- Degenerative myelopathy – This is a disease that affects the dog’s spinal cord, and causes progressive paralysis.
At-home Treatment Of A Dog’s Limp
If your dog is in a lot of pain, we always suggest visiting your veterinarian and getting some professional help. However, for some non-emergency limps, there is always something that you can do at home that can help your pooch.
#1 Remove Foreign Objects
If you notice some foreign object (like a burr, a splinter, or a thorn) stuck in your dog’s paw or between its toes, you can try to carefully remove it. Using tweezers or cotton swabs will work, but make sure you remove everything completely.
Clean the wound with an antibacterial soap, spray, or diluted hydrogen peroxide, and soak the affected leg in warm water to relieve any swelling. Dry the leg, and then apply some antibiotic ointment to prevent infection from developing.
#2 Treat The Broken Toenail
If your pup experiences a sudden limp and whines in discomfort, he may have a broken toenail. This can be very painful, and even cause bleeding, which needs to be treated immediately.
First things first, you need to restrain your pup while you tend to the nail because even the sweetest dog can bite if he is in too much pain. Try to control the bleeding by wrapping the dog’s foot either in gauze or a towel, and apply slight pressure.
If the bleeding does not stop after 10 to 15 minutes, apply cauterizing powder, baking powder, or flour. Remove the damaged part of the nail with clippers. Prevent further bleeding and contamination by applying antibiotic ointment on the nail bed.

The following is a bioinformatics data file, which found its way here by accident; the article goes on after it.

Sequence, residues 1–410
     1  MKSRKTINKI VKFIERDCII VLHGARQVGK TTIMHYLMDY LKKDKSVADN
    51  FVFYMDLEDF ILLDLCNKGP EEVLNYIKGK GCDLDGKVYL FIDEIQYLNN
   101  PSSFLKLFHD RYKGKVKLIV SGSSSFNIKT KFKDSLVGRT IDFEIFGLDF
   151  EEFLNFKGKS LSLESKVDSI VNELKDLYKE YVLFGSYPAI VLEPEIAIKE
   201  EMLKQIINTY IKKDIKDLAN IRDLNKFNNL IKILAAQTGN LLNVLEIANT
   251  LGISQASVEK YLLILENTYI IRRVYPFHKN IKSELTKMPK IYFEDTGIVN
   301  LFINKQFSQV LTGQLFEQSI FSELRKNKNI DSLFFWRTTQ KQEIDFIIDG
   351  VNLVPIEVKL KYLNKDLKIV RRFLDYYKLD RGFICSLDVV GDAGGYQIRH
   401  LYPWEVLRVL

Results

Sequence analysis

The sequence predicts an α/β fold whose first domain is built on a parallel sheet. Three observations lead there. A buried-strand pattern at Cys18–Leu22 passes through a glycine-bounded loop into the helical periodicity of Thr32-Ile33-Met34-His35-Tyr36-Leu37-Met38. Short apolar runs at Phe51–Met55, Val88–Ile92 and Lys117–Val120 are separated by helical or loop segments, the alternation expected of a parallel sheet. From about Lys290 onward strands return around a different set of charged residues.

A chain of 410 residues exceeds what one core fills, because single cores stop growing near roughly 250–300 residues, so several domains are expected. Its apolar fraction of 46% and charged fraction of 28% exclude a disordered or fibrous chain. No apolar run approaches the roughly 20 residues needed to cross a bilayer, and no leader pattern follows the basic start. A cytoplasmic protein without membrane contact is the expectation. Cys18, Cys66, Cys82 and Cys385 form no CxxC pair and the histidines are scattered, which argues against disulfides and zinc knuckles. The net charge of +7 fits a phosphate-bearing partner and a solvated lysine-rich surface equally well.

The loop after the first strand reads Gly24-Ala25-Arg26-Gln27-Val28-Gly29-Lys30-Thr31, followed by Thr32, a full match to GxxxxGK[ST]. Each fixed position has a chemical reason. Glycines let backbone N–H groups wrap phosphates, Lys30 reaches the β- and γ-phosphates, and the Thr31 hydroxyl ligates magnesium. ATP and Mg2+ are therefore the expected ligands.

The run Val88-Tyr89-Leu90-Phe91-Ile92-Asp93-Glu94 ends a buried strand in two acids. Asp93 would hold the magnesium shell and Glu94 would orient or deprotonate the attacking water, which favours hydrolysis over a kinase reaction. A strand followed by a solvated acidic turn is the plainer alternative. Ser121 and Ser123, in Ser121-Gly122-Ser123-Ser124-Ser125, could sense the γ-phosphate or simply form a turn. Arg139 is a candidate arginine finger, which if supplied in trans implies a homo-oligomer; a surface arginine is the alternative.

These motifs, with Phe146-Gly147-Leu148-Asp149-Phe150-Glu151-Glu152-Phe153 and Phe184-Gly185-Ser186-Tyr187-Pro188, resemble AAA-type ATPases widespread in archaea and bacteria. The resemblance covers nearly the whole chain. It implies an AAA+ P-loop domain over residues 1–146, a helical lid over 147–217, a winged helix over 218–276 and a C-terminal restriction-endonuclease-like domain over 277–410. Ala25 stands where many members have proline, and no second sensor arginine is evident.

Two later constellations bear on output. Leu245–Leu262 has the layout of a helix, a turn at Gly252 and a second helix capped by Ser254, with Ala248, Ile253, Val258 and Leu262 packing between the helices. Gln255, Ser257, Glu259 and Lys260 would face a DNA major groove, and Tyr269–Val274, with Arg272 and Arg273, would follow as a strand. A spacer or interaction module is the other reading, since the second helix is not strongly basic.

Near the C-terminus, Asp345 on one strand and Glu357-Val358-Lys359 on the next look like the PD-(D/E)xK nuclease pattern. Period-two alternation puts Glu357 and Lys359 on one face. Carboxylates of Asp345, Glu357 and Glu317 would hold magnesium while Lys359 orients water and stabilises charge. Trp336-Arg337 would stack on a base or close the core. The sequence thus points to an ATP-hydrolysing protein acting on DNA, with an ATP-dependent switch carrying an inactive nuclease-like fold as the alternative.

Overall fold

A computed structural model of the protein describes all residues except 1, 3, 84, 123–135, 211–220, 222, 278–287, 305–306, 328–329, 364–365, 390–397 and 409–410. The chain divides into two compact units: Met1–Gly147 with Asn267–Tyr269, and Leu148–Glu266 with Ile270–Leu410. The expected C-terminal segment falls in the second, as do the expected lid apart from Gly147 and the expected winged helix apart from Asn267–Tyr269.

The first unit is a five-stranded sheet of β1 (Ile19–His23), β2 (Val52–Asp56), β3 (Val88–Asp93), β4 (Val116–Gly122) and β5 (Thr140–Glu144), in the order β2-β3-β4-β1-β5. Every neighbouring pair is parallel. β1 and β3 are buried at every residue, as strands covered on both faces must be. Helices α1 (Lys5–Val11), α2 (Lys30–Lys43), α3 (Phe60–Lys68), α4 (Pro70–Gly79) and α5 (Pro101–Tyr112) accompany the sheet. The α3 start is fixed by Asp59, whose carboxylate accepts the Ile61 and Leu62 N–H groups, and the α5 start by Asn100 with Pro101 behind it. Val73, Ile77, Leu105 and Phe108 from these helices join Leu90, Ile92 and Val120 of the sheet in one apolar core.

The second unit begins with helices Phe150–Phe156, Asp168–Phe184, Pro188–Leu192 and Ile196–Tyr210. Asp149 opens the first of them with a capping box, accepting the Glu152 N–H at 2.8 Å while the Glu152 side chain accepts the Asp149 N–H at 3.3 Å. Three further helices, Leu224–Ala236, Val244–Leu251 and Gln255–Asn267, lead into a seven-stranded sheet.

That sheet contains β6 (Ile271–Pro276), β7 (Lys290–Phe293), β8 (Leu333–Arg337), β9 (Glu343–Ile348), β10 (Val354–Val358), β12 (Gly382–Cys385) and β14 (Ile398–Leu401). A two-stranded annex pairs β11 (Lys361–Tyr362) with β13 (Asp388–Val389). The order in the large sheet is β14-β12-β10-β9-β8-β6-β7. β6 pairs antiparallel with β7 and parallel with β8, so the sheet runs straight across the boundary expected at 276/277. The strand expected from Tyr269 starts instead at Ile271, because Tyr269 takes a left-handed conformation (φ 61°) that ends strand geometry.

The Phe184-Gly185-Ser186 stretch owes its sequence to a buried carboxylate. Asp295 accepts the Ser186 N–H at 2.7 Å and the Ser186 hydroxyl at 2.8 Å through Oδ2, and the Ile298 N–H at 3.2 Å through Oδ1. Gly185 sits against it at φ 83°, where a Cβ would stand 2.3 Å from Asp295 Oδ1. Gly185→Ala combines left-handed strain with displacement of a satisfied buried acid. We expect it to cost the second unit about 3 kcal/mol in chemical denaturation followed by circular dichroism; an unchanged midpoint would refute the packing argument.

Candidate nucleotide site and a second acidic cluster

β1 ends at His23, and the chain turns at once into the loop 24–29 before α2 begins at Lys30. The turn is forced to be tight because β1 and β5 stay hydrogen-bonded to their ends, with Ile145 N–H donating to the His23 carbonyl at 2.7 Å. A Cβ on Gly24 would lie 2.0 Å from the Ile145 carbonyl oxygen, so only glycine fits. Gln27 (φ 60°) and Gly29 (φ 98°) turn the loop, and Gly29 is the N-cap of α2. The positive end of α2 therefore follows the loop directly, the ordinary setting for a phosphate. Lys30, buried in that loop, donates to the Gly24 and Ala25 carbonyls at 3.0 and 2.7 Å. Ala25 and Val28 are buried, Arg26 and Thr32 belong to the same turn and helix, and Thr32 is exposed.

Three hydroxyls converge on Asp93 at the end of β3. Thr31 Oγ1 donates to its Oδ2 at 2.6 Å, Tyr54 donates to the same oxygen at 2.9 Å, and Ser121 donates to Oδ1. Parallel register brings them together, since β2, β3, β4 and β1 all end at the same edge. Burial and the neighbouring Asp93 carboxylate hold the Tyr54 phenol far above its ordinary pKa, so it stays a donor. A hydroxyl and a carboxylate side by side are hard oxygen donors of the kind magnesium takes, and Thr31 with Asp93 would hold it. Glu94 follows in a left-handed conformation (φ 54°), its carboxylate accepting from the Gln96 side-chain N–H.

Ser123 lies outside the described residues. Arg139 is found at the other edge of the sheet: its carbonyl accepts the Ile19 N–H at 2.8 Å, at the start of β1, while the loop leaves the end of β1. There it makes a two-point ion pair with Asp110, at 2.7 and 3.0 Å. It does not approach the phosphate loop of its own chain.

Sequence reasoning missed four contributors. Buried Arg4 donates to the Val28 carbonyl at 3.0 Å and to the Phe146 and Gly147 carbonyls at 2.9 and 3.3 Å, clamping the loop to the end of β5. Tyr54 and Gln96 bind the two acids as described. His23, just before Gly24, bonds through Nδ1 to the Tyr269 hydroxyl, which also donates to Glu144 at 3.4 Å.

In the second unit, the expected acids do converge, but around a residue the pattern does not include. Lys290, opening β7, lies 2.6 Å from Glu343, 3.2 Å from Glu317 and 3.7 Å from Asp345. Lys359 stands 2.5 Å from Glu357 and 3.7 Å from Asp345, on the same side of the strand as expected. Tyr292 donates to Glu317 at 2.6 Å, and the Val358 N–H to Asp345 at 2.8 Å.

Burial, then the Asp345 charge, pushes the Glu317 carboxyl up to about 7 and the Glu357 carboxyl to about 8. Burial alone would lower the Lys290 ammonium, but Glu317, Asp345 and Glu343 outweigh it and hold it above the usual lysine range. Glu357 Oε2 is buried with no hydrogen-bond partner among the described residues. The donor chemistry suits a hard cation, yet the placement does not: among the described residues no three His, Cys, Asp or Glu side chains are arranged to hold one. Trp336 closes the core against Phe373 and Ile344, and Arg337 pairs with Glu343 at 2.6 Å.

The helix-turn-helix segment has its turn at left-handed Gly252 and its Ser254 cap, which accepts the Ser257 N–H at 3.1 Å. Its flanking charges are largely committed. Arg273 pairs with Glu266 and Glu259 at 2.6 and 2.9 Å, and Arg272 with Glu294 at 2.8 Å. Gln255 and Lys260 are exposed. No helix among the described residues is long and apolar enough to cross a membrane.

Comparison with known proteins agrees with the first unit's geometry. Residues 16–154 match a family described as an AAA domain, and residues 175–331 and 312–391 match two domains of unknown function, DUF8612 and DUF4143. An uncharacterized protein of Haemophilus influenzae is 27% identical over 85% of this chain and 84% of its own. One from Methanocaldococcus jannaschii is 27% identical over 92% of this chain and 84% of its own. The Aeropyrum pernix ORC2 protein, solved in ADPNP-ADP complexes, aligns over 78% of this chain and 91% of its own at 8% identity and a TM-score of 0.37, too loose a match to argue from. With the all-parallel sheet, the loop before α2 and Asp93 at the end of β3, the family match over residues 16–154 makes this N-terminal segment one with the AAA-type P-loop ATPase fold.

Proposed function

You can also consult your vet who may prescribe some meds to your pup to control the pain.
#3 Apply A Heat Compress Or An Ice Pack
If your dog has an abscess, apply a heat compress to it. In case the abscess ruptures, you need to take your dog to the veterinarian who will clean the wound and prescribe your pup with some antibiotics.
If your dog has a sprain and some bruising, you need to apply an ice pack to the affected area twice a day for about 15 minutes. In case of an insect sting and some potential swelling, also apply an ice pack to the area.
#4 Restricting Movement And Limiting Exercise
The best remedy for lameness and sore joints is definitely getting some much-needed rest. Try to confine your pup, restrict his movement, and limit any unnecessary exercise. This may include keeping him in a crate or in a small room, or providing him with a comfortable place for resting.
Give your pooch lots of love and affection, and monitor his condition. If your pup’s condition does not improve over the next 24 hours, then seek veterinary help.